For starters, Mangini could never seem to make up his mind throughout the preseason who his top quarterback was going to be. Instead of supporting either Derek Anderson or Brady Quinn, Mangini created a phony quarterback competition, one that stretched almost to the beginning of the regular season, when he picked the guy that pretty much everybody else knew was going to be selected for the job anyway.

By doing this, Mangini essentially denied his team the opportunity to develop chemistry and a sense of comfort with their leader. It is difficult for a football team to be successful when it has no idea who is going to be its leader.

Training camp is for selecting who will be starting at all positions, and then the four preseason games are for the players who have been selected to start to gel and get comfortable with one another.

In Cleveland’s case, they didn’t have a starter in the preseason, so instead of coming together then, they are trying to do it now.

The problem?

The games count right now. The beauty of the preseason is that the games don’t count, so it’s OK if a team is trying to iron out some of the wrinkles.

In Cleveland, Mangini and Co. are still trying to iron out a pretty darn big wrinkle, and they are losing games while they are trying to sort all of this out.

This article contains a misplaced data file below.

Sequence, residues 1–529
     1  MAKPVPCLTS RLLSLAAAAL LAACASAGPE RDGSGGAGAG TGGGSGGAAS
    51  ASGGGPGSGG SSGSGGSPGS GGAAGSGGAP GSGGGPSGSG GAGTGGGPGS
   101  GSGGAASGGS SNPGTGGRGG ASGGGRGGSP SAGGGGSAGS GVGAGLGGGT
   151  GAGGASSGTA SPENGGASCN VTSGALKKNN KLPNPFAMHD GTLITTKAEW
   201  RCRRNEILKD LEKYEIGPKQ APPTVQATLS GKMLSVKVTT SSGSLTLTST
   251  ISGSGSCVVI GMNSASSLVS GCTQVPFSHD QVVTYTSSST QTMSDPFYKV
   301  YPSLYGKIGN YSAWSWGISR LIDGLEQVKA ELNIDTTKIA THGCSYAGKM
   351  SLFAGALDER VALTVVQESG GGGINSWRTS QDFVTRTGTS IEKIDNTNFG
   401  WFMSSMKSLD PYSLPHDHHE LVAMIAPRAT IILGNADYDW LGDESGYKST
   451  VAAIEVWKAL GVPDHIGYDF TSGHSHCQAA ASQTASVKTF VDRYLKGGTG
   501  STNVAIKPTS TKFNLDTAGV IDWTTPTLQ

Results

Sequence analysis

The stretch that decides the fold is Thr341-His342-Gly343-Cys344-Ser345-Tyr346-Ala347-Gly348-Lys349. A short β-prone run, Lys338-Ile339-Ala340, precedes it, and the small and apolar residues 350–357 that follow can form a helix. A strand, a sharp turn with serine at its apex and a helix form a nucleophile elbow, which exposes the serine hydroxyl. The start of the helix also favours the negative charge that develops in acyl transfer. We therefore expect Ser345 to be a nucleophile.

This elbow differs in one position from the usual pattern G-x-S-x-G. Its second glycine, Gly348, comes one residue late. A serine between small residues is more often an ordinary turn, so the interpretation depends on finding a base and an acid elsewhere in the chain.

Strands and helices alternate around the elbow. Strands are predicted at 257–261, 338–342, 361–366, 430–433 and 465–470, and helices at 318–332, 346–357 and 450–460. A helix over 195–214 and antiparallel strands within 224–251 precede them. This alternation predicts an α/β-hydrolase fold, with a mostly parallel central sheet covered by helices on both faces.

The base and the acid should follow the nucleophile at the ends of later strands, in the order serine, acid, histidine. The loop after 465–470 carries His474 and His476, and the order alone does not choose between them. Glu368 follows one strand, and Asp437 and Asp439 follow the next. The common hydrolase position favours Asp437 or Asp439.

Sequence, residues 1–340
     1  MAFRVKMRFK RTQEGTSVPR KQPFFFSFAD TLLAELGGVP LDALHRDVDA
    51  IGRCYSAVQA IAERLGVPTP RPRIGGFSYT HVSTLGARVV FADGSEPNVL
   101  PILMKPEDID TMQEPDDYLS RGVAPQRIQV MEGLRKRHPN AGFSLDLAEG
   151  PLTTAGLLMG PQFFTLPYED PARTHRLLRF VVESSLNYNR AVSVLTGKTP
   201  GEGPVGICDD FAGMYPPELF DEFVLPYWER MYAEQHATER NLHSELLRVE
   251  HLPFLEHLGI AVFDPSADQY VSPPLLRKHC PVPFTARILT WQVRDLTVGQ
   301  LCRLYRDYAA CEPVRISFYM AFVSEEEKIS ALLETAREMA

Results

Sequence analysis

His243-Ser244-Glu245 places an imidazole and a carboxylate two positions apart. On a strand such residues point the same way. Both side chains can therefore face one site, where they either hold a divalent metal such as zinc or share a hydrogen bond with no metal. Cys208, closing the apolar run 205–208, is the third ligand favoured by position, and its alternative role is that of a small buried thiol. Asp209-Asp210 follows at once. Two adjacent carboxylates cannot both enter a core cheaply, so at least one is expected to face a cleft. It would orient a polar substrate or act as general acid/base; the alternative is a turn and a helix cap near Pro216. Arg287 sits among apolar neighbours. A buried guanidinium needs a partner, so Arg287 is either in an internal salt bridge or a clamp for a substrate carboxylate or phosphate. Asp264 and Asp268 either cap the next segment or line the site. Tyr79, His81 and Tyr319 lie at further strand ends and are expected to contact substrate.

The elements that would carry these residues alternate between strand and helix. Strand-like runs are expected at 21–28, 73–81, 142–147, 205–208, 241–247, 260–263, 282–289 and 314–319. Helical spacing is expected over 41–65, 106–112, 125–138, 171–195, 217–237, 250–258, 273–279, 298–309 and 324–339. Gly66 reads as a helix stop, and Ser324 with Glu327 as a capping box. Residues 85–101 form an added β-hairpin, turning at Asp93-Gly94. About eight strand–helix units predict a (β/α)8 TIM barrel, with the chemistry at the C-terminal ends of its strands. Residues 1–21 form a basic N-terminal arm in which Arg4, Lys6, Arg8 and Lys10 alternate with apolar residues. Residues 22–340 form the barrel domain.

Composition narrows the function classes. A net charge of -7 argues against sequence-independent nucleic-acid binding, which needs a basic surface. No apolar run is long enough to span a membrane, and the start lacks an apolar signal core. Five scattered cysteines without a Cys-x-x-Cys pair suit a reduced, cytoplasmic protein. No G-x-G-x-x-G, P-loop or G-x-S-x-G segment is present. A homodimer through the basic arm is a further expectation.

Now, it seems as if Mangini is unhappy with his quarterback. This makes his quarterback competition even worse. The only quarterback situation in the league that was worse than the fiasco that Mangini orchestrated in Cleveland was the relationship between McDaniels and his now ex-quarterback Jay Cutler.

Prior to the beginning of the season, Mangini had said that he wanted the Browns to employ an offense that featured a strong running game and a selective, conservative passing attack.

You can debate all day whether Mangini’s offensive philosophy is a good one or not, but the most egregious error here is that Mangini didn’t give his offense the necessary personnel to run such an offensive attack.

An offensive unit needs a few things to run such an offense:

  1. A rock solid offensive line;
  2. A dependable running back that can churn out tough yardage;
  3. An efficient quarterback; and
  4. A reliable receiver/tight end that has dependable hands.

In its current state, Cleveland has none of those things.

Reports out of Cleveland are that the offensive line is worse off than it was before Mangini got there and meddled with it.

As for the running back situation, they are relying on Jamal Lewis, who is way past his prime. He would still be OK in a platoon and if he were the secondary back. He just can’t be that primary guy anymore.